When tennis players fail on the court, they immediately have a problem. To move from their problem to a solution they must make a choice, and at that crucial moment of failure and adversity there are two opposite paths they can choose. One pathway is subjective, leading through you and how you feel, and the other pathway is objective, leading through principle and reason. One pathway leads you to mental stability, the other to emotional instability.
The mental pathway most players choose is to mentally move from the problem (the failure) to their emotions (themselves and how they feel), then to a solution. When arriving at a solution filtered through themselves and their feelings, a distorted view of what has occurred takes place. These solutions are subjective. They blame others for their mistake, they blow the mistake out of proportion, they make excuses (it was the sun, my shoes, I didn't get enough sleep, a bird flew over, and so on). As you can see, thinking this way creates a negative environment and is not mentally healthy for the ongoing match battle. Players can slowly become an emotional time-bomb ready to explode, and often they do!
Many times I have discussed staying out of your own way to allow your physical game to develop. In your physical game you get in your own way by focusing too much on mechanics instead of following the correct repetition principles and letting your game happen. The same is true for your mental game. When failures occur you tend to get in your own way by allowing how you feel to override the correct mental principles. Your emotions skew your mental focus which throws you mentally off balance. To solve this problem of emotionally getting in your own way you must learn to choose principle over emotions when you fail.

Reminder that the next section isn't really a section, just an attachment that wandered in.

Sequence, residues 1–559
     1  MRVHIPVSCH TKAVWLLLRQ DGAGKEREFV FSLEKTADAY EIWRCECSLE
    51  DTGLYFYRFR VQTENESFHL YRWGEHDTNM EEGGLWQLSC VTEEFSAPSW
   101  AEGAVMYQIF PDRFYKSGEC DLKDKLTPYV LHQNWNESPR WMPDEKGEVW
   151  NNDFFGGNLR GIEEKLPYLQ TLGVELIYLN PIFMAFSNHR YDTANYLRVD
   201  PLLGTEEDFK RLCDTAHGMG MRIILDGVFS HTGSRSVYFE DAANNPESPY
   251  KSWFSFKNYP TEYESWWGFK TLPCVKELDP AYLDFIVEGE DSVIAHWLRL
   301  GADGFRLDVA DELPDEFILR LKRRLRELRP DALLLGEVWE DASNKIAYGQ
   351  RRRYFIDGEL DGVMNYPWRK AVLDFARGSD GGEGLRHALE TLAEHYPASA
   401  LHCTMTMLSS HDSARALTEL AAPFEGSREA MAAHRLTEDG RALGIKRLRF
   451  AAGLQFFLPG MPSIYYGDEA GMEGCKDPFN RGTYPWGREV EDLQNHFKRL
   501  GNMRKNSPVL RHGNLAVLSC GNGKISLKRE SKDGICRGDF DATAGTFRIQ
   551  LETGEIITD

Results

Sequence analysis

Tennis pros like Federer, Nadal, and Azarenka operate on mental principles as the source of their mental strength. They do not rely on their feelings or emotions. They have an arsenal of mental principles to select from when confronted by adversity and failures. Most top players rely heavily on these principles when under pressure.
Over time, all players should develop their own mental arsenal of principles to rely on in the heat of battle in match play. "The next shot is more important than the last mistake" and the principles behind this phrase should be a major part of this mental arsenal. Thinking in these terms of principle and reason is the key to combating incorrect emotions.
At the crucial moment of failure, the correct mental pathway is to move from the problem (the failure), to a principle (arsenal of mental principles), to a solution. The solutions derived from this mental pathway do not involve emotion and are compatible with mental toughness. These solutions involve taking responsibility for failures, controlling emotions, keeping a clear, objective mindset and staying focused on important match strategies. With your cool, calm and relaxed mindset devoid of any emotional stress, you will perform more instinctively and spontaneously under any match play pressure.
As you learn to shift your mental pathway from the "problem-emotion-solution" to the "problem-principle-solution" you will begin to effectively handle adversity and failures. This concept is beyond learning how to control your emotions on the tennis court. This is taking your mental game to the next level. Take you and your emotions out of the equation, correctly replace them with principle, and you will overcome any match play pressure with ease.
In the best players in the world, in mentally tough competitors and in all Tennis Warriors, principle always trumps emotion.